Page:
Building an Oasis in a Transportation Desert

This project focuses on transportation insecurity and locally created transportation infrastructure. Specifically, this research will examine how people in transit insecure areas of San Jose mobilize local, informally created transportation infrastructure. I will draw on scholarly literature on mobility, the politics of transportation, and infrastructure and resource insecurity to guide my research design. In doing so, this project will shed light on how people cope with transportation insecurity and highlight whether or not people are able to develop and modify their local transportation infrastructure to suit their needs. This research will gain insight into local knowledge that has the potential to inform urban planning and policy efforts aimed at alleviating transportation insecurity and building more inclusive and sustainable transit systems. Additionally, this research aims to make a novel contribution to the anthropological literature on resource insecurity. Recent anthropological scholarship on resource insecurity examines the causes, coping responses, and effects of resource insecurity through examinations of food insecurity and water insecurity (Wutich and Brewis 2014). This project will extend this framework to examine how people cope with insecure transportation access—a vital resource in present-day post-industrial economies.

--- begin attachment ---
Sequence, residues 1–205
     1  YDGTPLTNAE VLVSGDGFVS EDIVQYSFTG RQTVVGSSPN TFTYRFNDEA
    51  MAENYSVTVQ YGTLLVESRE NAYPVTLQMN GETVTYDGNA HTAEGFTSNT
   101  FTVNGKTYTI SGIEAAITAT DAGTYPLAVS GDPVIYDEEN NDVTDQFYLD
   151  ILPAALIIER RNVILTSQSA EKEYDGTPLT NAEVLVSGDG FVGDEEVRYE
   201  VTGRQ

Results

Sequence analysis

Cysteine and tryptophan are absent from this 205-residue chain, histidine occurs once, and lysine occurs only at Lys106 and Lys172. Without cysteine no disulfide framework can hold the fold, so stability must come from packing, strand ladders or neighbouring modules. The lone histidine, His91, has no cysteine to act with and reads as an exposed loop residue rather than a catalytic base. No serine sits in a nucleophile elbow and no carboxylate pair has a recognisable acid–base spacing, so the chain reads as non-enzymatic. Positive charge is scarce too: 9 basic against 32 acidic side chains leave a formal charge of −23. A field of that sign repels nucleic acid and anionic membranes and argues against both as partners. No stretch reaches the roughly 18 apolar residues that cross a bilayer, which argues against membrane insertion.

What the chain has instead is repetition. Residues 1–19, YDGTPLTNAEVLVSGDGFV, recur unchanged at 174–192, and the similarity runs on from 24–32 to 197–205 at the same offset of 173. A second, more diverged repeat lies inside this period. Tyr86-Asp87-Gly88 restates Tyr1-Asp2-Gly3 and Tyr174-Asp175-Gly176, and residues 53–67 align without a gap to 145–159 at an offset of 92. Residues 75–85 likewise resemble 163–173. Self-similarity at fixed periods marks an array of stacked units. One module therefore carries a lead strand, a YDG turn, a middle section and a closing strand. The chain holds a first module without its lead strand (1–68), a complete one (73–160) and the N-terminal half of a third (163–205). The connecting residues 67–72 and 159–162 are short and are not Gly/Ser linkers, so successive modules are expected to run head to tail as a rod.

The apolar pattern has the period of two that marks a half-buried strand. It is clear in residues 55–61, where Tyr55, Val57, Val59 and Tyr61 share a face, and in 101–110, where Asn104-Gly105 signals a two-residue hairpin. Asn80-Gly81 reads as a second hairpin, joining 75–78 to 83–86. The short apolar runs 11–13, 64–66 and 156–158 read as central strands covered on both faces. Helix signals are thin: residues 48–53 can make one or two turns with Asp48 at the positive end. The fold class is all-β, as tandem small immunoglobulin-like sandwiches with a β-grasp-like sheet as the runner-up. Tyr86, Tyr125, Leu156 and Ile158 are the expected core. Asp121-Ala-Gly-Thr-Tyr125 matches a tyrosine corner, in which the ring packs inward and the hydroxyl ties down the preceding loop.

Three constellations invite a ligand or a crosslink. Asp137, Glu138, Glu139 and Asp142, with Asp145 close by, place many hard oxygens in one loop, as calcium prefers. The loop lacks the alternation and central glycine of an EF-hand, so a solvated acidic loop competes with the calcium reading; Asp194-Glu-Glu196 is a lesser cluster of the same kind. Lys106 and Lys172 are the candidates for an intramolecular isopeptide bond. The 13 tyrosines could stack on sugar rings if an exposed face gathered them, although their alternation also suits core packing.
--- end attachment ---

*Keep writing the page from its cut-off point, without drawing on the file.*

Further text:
Mineta Consortium for Transportation Mobility
San José State University

Principal Investigator: 

Melissa Beresford, Ph.D.

PI Contact Information:
San José State University

Funding Source(s) and Amounts Provided (by each agency or organization): 

U.S. Department of Transportation, Office of the Assistant Secretary for Research and Technology – $5,000


Total Project Cost: 


Agency ID or Contract Number: 



March 2020 to April 2021

Project Number: